Work on the park itself was also begun during this period. Roads were laid out and graded, a concrete city reservoir was removed, and planting was begun. Nolen developed landscaping plans in his Cambridge office from contour maps prepared by a local engineer. The proposed museum building became the dominating feature of the park. Nolen wrote to Marston in June 1927 that several details of the park plan would be determined by the type of architectural treatment Johnson used for the museum. “The dominating architectural note is of course this main building,” the planner said, “and we want all details such as gates, arbors and benches to reflect [this].” He further urged Marston to expedite Johnson’s work.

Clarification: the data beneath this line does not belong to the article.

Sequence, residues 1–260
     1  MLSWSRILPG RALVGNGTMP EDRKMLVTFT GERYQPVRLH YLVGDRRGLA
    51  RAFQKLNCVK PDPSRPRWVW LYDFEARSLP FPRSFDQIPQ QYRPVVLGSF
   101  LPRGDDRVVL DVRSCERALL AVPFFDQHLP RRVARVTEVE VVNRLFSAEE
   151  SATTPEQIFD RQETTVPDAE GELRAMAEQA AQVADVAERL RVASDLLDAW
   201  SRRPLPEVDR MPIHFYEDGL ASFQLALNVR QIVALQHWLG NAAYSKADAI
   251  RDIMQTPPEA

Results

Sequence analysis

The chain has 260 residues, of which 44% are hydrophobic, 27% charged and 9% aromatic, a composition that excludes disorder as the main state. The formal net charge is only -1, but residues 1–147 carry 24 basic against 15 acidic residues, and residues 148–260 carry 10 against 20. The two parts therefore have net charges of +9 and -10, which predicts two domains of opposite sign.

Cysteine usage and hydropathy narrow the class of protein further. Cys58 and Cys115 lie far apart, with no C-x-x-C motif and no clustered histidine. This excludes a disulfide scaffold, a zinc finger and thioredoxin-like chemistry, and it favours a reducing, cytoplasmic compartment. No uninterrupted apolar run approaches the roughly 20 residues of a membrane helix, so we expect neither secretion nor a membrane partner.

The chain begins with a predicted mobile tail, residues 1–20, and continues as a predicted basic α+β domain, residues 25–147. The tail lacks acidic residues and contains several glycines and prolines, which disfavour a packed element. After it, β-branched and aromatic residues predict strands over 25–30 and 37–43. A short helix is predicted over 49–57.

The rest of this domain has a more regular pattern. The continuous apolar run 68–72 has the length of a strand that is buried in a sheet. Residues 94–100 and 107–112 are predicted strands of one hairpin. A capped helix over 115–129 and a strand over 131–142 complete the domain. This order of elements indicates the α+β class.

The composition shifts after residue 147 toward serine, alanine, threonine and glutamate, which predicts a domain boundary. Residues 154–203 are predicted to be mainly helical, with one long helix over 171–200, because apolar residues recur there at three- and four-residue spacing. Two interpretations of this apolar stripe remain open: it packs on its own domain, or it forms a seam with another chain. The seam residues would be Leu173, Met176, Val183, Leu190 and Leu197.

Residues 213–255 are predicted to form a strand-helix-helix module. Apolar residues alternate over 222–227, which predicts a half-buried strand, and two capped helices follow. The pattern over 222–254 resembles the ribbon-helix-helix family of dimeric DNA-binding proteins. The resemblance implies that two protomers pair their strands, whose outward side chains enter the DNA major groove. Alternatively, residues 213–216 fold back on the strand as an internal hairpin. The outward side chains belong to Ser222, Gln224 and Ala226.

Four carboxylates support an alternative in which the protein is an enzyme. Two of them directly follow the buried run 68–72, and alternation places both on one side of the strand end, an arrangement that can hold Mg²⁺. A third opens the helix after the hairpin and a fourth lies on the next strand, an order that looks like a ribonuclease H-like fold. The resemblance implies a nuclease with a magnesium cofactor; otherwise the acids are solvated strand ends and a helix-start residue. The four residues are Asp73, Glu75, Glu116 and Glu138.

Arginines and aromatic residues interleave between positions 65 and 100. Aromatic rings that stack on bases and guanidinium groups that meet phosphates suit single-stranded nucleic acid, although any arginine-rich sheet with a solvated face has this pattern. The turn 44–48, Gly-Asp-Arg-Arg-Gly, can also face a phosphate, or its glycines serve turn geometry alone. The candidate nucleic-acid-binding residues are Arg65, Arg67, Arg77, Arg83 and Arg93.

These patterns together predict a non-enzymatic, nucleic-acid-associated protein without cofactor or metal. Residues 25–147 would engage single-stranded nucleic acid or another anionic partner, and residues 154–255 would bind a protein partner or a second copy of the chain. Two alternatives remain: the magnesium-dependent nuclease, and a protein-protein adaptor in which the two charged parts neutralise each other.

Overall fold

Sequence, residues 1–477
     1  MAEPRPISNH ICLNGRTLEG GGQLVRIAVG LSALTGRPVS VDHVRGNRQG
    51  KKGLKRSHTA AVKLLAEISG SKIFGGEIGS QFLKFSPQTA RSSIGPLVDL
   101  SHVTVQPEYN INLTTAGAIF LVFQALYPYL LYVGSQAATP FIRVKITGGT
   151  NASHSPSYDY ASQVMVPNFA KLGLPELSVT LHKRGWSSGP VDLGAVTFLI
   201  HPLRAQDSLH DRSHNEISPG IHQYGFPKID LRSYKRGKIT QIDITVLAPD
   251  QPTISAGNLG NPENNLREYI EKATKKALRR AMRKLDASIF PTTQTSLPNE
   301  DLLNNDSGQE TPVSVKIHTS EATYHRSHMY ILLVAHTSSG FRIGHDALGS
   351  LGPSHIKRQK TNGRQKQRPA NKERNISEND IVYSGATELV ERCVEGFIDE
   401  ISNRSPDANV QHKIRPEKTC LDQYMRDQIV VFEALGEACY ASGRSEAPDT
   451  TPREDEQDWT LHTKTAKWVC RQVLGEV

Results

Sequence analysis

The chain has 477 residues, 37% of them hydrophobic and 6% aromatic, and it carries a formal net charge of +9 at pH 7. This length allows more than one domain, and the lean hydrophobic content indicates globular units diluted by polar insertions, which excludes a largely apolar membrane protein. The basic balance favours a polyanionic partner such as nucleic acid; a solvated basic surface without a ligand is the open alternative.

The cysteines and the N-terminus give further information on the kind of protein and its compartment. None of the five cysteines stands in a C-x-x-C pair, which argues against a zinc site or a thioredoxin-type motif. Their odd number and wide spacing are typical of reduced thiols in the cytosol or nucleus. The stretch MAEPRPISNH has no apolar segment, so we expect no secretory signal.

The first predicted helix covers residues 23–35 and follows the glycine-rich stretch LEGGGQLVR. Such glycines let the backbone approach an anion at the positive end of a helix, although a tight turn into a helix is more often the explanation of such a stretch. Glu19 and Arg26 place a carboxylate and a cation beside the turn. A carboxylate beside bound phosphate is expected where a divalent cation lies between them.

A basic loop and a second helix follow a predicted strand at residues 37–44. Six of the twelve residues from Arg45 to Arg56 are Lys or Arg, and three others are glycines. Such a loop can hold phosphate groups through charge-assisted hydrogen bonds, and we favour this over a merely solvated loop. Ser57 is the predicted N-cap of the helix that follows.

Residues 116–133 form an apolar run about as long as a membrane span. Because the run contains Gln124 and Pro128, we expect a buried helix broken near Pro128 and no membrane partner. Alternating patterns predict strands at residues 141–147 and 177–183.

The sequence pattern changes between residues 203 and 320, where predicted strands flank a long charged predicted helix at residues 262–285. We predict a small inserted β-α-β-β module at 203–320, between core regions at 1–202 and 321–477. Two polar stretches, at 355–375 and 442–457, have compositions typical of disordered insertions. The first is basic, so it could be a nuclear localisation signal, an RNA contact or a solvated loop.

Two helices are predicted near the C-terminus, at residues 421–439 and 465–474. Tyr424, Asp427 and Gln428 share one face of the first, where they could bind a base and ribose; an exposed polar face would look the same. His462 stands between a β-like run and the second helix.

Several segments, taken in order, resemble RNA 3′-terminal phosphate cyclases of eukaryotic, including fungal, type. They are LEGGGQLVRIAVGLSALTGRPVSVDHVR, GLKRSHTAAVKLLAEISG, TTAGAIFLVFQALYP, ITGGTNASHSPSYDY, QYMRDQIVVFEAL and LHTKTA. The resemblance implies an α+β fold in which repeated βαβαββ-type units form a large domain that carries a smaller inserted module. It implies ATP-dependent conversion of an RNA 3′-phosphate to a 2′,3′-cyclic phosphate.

The plans were completed and accepted in the fall of 1928. Marston informed Nolen that a good design was in hand and that work would begin in February. A dedication ceremony was planned for July 16, 1929, the l60th anniversary of the arrival of Fray Junípero Serra and the establishment of Spanish colonial rule in Upper California. That left only five months to build the museum. Construction was awarded to the Kier Construction Company under Johnson’s supervision. The work proceeded without any major difficulties and was completed before the July ceremony.